How to file for disability, Filing for SSI
Disability Requirements, Disability Status
How long is the wait?, Disability Application
The Social Security List of Impairments
Qualifying for Disability, Mental Disability
Disability Lawyer Info, Disability Back Pay

Why does Social Security think they know more than my doctor?

Someone made this statement recently in a forum. "I don't see how the social security doctor will determine my illness better than the psychiatrist I've gone to for two years.

Guess what? This individual is completely right. In fact, claimants are generally sent to a social security doctor (in actuality, these are private practice physicians, psychiatrists, and psychologists who are paid to perform consultative exams (CE) for social security; in other words, they don't work for social security) for three reasons.

1. To obtain recent medical record documentation if you haven't been seen for your condition in some time (usually more than 60 days). This can take the form of a physical CE or of a mental CE that can either be a mental status exam, an IQ test, a memory scale, or a full psychiatric exam.

2. To obtain special testing. You could be sent out for xrays if you've had a bone break, or to spirometry (breathing test) if you have respiratory problems, or to audiometry if you have hearing loss, etc, etc.

3. You could be sent to mental testing even if you did not allege a mental condition on your disability application but there was some indication of this in your file (believe it or not, even if your family doctor who treats you for back problems writes the word "depression" one time in your file).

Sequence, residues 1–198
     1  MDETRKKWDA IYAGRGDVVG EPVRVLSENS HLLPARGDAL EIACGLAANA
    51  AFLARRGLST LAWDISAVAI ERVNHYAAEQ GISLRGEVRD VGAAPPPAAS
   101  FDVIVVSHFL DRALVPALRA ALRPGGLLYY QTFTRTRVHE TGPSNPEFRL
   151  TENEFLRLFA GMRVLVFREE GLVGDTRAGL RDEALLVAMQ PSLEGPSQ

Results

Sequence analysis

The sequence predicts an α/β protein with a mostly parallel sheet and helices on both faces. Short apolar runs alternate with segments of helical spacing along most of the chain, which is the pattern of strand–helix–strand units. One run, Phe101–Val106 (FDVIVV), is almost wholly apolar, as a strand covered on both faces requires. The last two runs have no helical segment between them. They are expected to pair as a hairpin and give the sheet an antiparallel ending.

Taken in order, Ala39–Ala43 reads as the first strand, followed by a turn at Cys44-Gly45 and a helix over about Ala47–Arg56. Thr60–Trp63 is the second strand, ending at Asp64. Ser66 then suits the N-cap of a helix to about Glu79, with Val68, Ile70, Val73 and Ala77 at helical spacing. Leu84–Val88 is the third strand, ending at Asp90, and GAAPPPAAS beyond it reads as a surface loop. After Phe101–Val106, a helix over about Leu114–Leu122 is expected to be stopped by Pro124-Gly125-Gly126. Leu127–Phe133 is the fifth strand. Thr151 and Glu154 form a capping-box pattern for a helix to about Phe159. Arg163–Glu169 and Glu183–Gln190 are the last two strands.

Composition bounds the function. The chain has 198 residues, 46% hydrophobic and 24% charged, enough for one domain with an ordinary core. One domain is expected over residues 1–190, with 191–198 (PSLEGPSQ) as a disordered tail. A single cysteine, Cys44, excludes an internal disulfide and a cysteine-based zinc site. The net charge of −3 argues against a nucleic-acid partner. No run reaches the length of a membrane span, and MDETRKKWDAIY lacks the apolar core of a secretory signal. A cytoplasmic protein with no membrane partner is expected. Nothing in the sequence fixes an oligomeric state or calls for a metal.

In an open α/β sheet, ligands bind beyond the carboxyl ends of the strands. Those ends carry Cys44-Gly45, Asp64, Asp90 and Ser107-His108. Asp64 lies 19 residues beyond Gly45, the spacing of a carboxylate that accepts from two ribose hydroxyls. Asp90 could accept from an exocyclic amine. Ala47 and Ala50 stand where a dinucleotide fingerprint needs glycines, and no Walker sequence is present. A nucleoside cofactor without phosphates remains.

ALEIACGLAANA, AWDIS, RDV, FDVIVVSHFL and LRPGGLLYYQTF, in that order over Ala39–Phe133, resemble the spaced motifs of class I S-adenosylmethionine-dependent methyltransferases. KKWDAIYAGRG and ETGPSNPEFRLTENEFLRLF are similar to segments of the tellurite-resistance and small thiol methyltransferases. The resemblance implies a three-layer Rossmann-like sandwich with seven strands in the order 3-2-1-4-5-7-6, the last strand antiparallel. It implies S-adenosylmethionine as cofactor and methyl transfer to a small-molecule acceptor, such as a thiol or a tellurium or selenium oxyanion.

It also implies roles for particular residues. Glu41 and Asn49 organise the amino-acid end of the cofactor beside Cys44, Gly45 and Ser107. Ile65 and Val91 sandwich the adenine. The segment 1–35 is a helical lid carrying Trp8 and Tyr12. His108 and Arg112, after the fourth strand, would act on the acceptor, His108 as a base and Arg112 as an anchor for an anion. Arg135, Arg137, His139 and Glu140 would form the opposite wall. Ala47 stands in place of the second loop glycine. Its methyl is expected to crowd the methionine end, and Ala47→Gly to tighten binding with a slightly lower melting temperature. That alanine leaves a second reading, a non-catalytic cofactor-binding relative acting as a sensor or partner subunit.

None of these purposes, however, has anything to do with rendering a final disability determination on your case. The consultative examiner simply examines you, or performs his or her testing, and later submits a CE report to the disability examiner (disability examiners are the individuals who make decisions on disability applications and reconsideration appeals while disability hearing decisions are made by federal judges).

How much weight does the CE report carry? My own estimation is "not a lot". As a disability examiner, I saw a very small percentage of claims that were approved on the basis of CE exam reports.

What then, you may ask, is the purpose of even going to such an exam? Truthfully, most of these exams are scheduled for just one reason. So the disability examiner can say "Yes, I have recent medical documentation" and then close the case.

So, the lesson to be learned here if there is one, is this: when you file for disability, don't assume that if you haven't been going to a doctor that you can be approved simply by going to a social security medical exam. It could happen. But its more likely that, without a record of receiving treatment from your own doctors, your chances of winning disability benefits will be slim.

Essential Questions

What is the Social Security Disability SSI list of impairments?

Can you work while getting or applying for Disability?

How Often Does Social Security Approve Disability The First Time You Apply?

Tips for getting Social Security Disability or SSI benefits approved

What medical conditions will get you approved for disability?

What kind of Mental Problems Qualify for Disability?

Receiving a Disability Award Letter

Conditions Social Security will recognize as a disability

Previously answered questions regarding SSD and SSI

Applying for disability in your state

Most popular topics on SSDRC.com

Social Security Disability SSI Questions

The listings, list of disabling impairments

Can a mental illness qualify you for disability?